What’s in a Name? Elite Schools May Not Be Worth The Costs
When it comes to choosing a college, students and parents may think it's worth the hefty price tag to attend a more prestigious school. Who doesn't dream of an Ivy League diploma on their office wall? But a recent article in The Wall Street Journal shows that attending an elite level college may not actually pay off in the end. While highly selective schools can offer an edge for students majoring in liberal arts, the same does not hold true for STEM (Science, Technology, Engineering and Mathematics) majors.
Researchers looked at about 7,300 college graduates ten years after graduation. Here's what they found:
For STEM-related majors, average earnings don’t vary much among college categories. Researchers found no statistically significant differences in average earnings for science majors between selective schools and either mid-tier or less-selective schools. Likewise, there’s no significant earnings difference between engineering graduates from selective and less-selective colleges, and only a marginally significant difference between selective and mid-tier colleges.
The starkest earnings differences are for business majors, where graduates from the selective institutions earn 12% more on average than mid-tier graduates and 18% more than graduates from less-selective colleges. Social-science majors from selective colleges earn 11% more than their mid-tier counterparts and 14% more than those from less-selective schools.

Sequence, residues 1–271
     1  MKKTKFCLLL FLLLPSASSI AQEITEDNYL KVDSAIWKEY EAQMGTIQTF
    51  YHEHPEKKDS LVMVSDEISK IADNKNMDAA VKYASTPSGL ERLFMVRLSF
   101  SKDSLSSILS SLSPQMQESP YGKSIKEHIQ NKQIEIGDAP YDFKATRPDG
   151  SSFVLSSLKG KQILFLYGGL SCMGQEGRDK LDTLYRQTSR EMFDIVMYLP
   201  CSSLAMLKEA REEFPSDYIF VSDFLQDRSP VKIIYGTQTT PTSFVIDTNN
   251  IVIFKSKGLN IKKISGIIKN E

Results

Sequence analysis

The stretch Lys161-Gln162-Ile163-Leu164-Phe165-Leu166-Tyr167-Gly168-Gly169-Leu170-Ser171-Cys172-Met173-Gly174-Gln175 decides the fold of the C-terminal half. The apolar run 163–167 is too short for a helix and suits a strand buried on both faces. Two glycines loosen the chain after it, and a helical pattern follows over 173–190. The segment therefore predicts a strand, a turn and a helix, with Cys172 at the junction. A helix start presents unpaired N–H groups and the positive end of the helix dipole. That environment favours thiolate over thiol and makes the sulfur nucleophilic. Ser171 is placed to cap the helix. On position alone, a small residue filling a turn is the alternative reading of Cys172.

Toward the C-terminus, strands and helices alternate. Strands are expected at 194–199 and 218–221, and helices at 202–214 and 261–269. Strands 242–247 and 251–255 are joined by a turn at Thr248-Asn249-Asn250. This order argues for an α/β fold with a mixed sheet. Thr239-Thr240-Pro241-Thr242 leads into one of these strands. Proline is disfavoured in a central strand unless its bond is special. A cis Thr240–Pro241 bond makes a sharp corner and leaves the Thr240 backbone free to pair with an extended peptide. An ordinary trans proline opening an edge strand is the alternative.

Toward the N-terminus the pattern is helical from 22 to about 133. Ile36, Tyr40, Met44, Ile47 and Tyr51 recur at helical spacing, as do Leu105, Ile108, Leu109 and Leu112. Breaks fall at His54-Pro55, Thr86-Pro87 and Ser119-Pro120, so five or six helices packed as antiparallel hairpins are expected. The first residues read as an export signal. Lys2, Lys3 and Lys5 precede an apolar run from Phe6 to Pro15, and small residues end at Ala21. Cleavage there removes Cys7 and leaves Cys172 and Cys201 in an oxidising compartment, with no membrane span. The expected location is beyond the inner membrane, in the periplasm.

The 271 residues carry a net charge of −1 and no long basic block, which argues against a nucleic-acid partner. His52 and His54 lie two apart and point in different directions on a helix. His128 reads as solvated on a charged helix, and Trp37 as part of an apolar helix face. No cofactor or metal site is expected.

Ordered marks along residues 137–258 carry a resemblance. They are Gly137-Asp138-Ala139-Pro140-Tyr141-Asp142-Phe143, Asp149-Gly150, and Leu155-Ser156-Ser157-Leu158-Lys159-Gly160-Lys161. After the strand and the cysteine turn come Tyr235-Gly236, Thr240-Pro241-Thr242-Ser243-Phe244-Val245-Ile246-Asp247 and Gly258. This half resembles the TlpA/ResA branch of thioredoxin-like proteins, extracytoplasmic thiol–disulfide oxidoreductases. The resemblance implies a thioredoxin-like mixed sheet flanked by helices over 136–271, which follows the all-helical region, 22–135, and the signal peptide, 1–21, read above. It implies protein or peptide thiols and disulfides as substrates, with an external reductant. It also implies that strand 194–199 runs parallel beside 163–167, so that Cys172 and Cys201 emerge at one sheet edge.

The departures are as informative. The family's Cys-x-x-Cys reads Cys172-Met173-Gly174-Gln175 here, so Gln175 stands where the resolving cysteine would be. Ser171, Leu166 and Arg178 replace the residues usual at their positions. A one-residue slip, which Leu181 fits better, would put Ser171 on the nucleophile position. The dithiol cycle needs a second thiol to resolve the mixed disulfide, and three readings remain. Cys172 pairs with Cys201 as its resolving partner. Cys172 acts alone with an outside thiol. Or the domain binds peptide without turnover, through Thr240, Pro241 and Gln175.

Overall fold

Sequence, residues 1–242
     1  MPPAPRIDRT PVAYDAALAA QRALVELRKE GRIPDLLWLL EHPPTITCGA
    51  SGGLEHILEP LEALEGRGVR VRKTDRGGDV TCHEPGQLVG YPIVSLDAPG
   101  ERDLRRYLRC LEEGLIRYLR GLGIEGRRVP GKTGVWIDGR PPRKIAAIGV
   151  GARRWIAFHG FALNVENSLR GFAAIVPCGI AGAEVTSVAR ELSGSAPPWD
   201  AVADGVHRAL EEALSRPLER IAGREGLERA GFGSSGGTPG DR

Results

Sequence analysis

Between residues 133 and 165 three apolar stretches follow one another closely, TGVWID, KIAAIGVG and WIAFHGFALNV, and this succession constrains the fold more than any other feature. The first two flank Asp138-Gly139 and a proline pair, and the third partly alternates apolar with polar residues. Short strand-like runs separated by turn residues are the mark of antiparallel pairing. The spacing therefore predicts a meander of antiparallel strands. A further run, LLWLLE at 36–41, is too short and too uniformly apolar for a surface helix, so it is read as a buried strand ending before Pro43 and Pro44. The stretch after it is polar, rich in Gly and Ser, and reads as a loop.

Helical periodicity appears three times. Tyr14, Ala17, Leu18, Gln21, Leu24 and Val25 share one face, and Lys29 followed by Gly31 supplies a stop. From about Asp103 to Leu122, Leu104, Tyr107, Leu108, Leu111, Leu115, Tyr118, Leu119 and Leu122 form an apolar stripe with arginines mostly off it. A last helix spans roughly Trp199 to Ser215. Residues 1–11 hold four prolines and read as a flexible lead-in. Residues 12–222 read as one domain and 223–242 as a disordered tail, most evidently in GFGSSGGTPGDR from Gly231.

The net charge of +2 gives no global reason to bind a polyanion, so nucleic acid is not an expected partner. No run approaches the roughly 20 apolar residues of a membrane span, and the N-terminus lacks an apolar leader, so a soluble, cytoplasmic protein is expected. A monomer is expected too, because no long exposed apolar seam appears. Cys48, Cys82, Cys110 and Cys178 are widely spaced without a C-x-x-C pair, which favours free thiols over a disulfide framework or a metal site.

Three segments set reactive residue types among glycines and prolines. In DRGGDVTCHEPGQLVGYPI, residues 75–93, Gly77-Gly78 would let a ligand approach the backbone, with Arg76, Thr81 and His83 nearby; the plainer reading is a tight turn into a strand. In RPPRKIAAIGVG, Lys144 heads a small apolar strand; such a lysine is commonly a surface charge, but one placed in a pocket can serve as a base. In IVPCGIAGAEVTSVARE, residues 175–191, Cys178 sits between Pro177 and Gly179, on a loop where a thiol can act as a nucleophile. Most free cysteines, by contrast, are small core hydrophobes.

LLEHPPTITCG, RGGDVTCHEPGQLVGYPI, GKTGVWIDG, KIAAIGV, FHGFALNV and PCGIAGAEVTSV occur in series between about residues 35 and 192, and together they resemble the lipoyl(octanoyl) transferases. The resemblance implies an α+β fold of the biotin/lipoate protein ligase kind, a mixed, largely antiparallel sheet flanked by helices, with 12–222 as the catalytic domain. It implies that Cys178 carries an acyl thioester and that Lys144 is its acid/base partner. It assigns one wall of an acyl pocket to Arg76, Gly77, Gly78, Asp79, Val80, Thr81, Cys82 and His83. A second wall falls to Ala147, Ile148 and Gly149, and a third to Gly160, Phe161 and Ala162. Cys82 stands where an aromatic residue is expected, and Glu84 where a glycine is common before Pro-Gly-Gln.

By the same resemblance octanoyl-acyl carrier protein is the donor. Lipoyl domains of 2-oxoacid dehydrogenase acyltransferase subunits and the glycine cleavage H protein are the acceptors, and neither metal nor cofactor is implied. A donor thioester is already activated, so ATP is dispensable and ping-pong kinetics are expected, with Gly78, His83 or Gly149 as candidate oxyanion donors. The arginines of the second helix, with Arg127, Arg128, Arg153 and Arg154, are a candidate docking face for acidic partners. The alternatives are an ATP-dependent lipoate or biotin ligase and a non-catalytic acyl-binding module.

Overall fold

What’s the difference? According to the article, the skills students learn in STEM fields appear to trump prestige—possibly because curriculums are relatively standardized and there’s a commonly accepted body of knowledge students must absorb. So, a student may not need to attend the best possible school to ensure a good salary after graduation.
Read the Article
How can you be sure your college education will pay off?
There are never any guarantees, but one place to start is to gather data from potential school choices about their graduation rates and job placement rates within the field you plan to pursue. Does it take five years instead of four for most students to complete their degrees? (Longer college career = more potential debt and missed earning potential.) How many graduates receive job offers right out of college? What are their average salaries?
In the end, only you can decide which college is right for you. Make sure to do some research into each school you're considering, and remember that a diploma from an elite university isn't an automatic ticket to a better job.
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